WOODWARD: I got to go talk to people and see them outside of the White House and outside of their offices and gained a lot of insight and documentation. And it's - you know, it's a tough look at the world and your administration and you.

TRUMP: Right. Well, I assume that means it's going to be a negative book. But you know, I'm some - I'm sort of 50 percent used to that. That's all right. Some are good, and some are bad. Sounds like this is going to be a bad one.

GREENE: OK. So it shows the president's starting to talk about what he might see from this book. I mean, what could the fallout be - for him, for this White House, for his staff - Mara?

LIASSON: Well, first of all, we should say that the White House has denied a lot of what's in this book. White House chief of staff John Kelly denied calling the president an idiot. That's something he's denied in the past. As we already said, the president's former lawyer, John Dowd, denied telling Trump that if he testified to Mueller, he would end up in an orange jumpsuit. Jim Mattis, the secretary of defense, said that the contemptuous words about the president attributed to me in Woodward's book were never uttered by me. The president himself denied that a piece of paper was ever taken off his desk without his knowledge. And he is claiming that Bob Woodward has a lot of credibility problems. Of course, Bob Woodward has won two Pulitzer Prizes. And in the past, his reporting has not been debunked.

But what struck me about the reaction of the White House is that it seemed to lack some of the intensity with which they went after previous book writers like Michael Wolff, who wrote "Fire And Fury," or Omarosa Manigault Newman. It seemed like they might even understand that it's going to be a lot harder to go after Bob Woodward and undermine his credibility.

GREENE: Really briefly, Mara, I just want to ask you about one other thing - The New York Times reporting last night that Bob Mueller has informed the president's legal team that he would accept some answers in writing from Trump and not necessarily a sit-down interview on whether his campaign conspired with Russia back in 2016.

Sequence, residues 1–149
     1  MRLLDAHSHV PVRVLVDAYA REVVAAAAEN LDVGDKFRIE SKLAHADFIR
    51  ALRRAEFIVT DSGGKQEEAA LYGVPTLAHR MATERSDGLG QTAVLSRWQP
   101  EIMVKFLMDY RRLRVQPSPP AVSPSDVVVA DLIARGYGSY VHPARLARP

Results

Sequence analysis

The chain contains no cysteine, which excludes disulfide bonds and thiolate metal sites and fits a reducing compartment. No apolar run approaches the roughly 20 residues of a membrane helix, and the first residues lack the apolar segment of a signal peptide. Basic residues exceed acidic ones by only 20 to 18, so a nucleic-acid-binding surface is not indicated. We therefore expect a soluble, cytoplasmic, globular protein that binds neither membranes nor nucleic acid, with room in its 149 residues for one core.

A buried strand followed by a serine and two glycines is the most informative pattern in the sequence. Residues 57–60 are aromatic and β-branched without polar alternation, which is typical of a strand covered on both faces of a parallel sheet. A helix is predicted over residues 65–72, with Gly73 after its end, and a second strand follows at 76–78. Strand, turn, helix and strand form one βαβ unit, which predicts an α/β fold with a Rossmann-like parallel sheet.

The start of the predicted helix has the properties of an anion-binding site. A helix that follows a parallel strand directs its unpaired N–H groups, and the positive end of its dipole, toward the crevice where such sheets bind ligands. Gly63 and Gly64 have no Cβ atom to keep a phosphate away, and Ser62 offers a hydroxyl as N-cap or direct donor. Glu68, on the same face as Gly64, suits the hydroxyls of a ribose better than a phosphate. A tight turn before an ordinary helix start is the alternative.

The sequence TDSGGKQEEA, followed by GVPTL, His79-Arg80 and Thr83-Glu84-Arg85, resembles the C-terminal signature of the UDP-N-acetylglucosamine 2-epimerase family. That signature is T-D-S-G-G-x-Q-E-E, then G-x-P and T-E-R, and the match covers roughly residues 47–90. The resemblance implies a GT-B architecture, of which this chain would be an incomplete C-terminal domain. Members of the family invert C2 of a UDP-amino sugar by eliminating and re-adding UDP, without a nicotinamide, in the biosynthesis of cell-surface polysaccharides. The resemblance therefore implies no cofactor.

LIASSON: Right. Several news organizations are reporting that Bob Mueller has told the president's legal team that he will accept written answers from the president to questions about possible coordination between the campaign and Russia. What we don't know is whether Mueller will accept written answers related to questions of obstruction of justice. So we don't know if this resolves the problem of whether the president will sit down and talk to Mueller or not. We know that his lawyers do not want him to do that. That also figures in the Woodward book. They think...

GREENE: Right.

LIASSON: ...That he would perhaps perjure himself. But we've also heard that the president wants to sit down with Mueller because he thinks not doing it would look bad.

GREENE: NPR's Mara Liasson.

Mara, thanks a lot.

LIASSON: Thank you.

Copyright © 2018 NPR. All rights reserved. Visit our website terms of use and permissions pages at www.npr.org for further information.

NPR transcripts are created on a rush deadline by Verb8tm, Inc., an NPR contractor, and produced using a proprietary transcription process developed with NPR. This text may not be in its final form and may be updated or revised in the future. Accuracy and availability may vary. The authoritative record of NPR’s programming is the audio record.